For your reference: much of my practical knowledge of CAN bus experimentation was gleaned from this awesome thread.


Some you can, some you can't, it depends on the make/model/year.

However, the main problem is knowing what you are doing engine-wise - very few people are good at tuning (and almost no-one can really do better than the manufacturer) and if you get it wrong you will melt a piston or seriously shorten the lifespan of your engine.

A different route to tuning is to look at a system like Megasquirt, it's DIY retro-fit and has a good support community. For a bike there's a compact version called Microsquirt.

  • \$\begingroup\$ I explain you the siutation more in detail. I am an informatic and I am studying on Arduino at this time. I have a friend that is a mechanical engineer and he have a collaboration with a racing motorcycles team. He know what is the parameter that have to be modified because after every qualifying lap they remap some ECU parameter using a laptop. Since the parameter that have to be modifies are fiew and there is a mathematic formula to calculate them he asked me if, using Arduino, I can implement a simple system that work in this way: 1) connects to the ECU 2) Read some parameter from the ECU \$\endgroup\$ Mar 27, 2013 at 9:54
  • \$\begingroup\$ 3) Calculate the new value for some parameter 4) Update this parameter with the news values. Nothing else. \$\endgroup\$ Mar 27, 2013 at 9:55
  • \$\begingroup\$ So, in teory, if he can modify these ECU parameters using a laptop so the ECU allows you to change the values ​​of these parameters. What I would know if using the CAN BUS I can only read or also update parameters that in the ECU are modifiable. And in the specific case I would know ifm in your opinion, using Arduino (and a shield as the linked one) I can try to modify these parameters. TNX \$\endgroup\$ Mar 27, 2013 at 9:56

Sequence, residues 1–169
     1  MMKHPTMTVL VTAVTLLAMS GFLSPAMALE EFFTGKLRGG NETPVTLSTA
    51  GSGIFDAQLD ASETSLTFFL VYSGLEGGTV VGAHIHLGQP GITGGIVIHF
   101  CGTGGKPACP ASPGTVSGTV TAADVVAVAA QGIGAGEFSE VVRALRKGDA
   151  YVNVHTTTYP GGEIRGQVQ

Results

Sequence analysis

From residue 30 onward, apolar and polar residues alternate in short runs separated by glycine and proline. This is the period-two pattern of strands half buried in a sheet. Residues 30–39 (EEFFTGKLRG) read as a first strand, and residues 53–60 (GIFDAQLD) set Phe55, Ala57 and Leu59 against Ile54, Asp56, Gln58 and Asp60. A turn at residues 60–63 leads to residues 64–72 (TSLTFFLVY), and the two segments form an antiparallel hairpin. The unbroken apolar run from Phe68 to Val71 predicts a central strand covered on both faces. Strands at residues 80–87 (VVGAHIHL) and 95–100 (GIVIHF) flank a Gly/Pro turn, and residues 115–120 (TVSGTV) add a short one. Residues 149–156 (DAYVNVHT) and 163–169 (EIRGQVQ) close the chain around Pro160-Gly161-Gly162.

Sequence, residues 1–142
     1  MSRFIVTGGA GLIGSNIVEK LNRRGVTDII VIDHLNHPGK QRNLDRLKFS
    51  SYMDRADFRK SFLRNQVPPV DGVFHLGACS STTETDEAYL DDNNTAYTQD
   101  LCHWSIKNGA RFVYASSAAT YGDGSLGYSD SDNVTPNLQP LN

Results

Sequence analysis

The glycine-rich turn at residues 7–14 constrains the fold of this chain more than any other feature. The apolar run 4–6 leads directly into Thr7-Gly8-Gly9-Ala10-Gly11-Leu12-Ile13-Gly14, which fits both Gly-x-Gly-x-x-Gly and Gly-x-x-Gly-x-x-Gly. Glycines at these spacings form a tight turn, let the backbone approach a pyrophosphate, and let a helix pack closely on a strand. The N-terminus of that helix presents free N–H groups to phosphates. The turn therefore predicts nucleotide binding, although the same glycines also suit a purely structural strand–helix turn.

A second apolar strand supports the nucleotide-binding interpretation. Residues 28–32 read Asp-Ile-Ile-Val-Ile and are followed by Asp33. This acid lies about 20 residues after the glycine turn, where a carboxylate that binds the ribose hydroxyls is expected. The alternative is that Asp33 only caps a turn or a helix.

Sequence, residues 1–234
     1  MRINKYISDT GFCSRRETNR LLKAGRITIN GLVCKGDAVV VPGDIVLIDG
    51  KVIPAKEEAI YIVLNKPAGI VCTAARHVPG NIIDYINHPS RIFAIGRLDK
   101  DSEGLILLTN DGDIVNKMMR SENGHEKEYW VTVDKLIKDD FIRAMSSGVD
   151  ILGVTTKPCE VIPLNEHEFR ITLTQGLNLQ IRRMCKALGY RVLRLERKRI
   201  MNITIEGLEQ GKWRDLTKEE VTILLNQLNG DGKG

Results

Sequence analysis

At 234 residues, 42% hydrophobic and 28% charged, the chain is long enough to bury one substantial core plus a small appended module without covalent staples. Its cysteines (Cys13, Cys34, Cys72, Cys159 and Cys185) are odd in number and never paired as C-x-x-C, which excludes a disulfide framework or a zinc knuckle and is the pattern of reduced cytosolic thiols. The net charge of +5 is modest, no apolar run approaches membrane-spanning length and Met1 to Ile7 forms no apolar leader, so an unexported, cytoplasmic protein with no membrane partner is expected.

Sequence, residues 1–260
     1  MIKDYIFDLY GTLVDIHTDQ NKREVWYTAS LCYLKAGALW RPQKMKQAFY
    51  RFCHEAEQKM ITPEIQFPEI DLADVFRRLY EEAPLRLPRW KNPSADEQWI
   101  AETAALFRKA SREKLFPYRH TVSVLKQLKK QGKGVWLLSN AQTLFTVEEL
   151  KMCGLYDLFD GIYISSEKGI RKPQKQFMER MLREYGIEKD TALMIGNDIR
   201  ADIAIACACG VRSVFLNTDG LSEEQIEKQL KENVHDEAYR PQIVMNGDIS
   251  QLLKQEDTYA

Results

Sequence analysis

• \$\begingroup\$ @AndreaNobili AFAIK, He must be using some software to modify this parameter from his laptop. Generally, Engine manufactures provide their custom software only through which you can change engine parameters. Hence I doubt, you can do same using any other device. (FYI, I work for a giant Diesel Engine Manufacturer and We don't allow any one to modify values... We have encryptions in place :) \$\endgroup\$
    – Swanand
    Mar 27, 2013 at 11:28
  • 1
    \$\begingroup\$ If the laptop can read/modify it, the arduino can too. You just need to know the commands being sent. \$\endgroup\$
    – John U
    Mar 27, 2013 at 11:55

I do not recommend to do this in an Arduino. You will need years to finisch this project. Arduino is the wrong way. Why should you re-invent the wheel?

You are looking for HUD ECU Hacker.

If your ECU supports the standard OBD2 commands over CAN bus using ISO 15765 protocol and standard CAN IDs, then you just connect HUD ECU Hacker and see fault codes and parameters of your ECU.

HUD ECU Hacker also has a built-in ECU emulator and can be adapted to other ECU models with XML files.

It can also show the entire traffic on CAN bus in real time and allows you to set filters for specific ID ranges. In the built in CAN Raw Terminal you can manually send CAN bus commands and see the responses.

HUD ECU Hacker is charityware, which means that you can use it unrestricted, but you are asked to give a donation to an NGO of your choice if you use the program frequently.

HUD ECU Hacker runs on Windows XP, 7, 8, 10, 11 (32 and 64 bit).

You can use a cheap Chinese J2534 adapter ($30 - $40 USD) to connect to the CAN bus. These adapters connect to any computer via USB. Read the very detailed help file about the different types of adapters. HUD ECU Hacker can also install the drivers that you need for all supported adapters.

Below you see HUD ECU Hacker communicating with a DENI E1700 ECU. All data traffic can be logged into a HTML logfile.

Download: https://netcult.ch/elmue/HUD%20ECU%20Hacker

HUD ECU Hacker CAN Bus ECU Data Transfer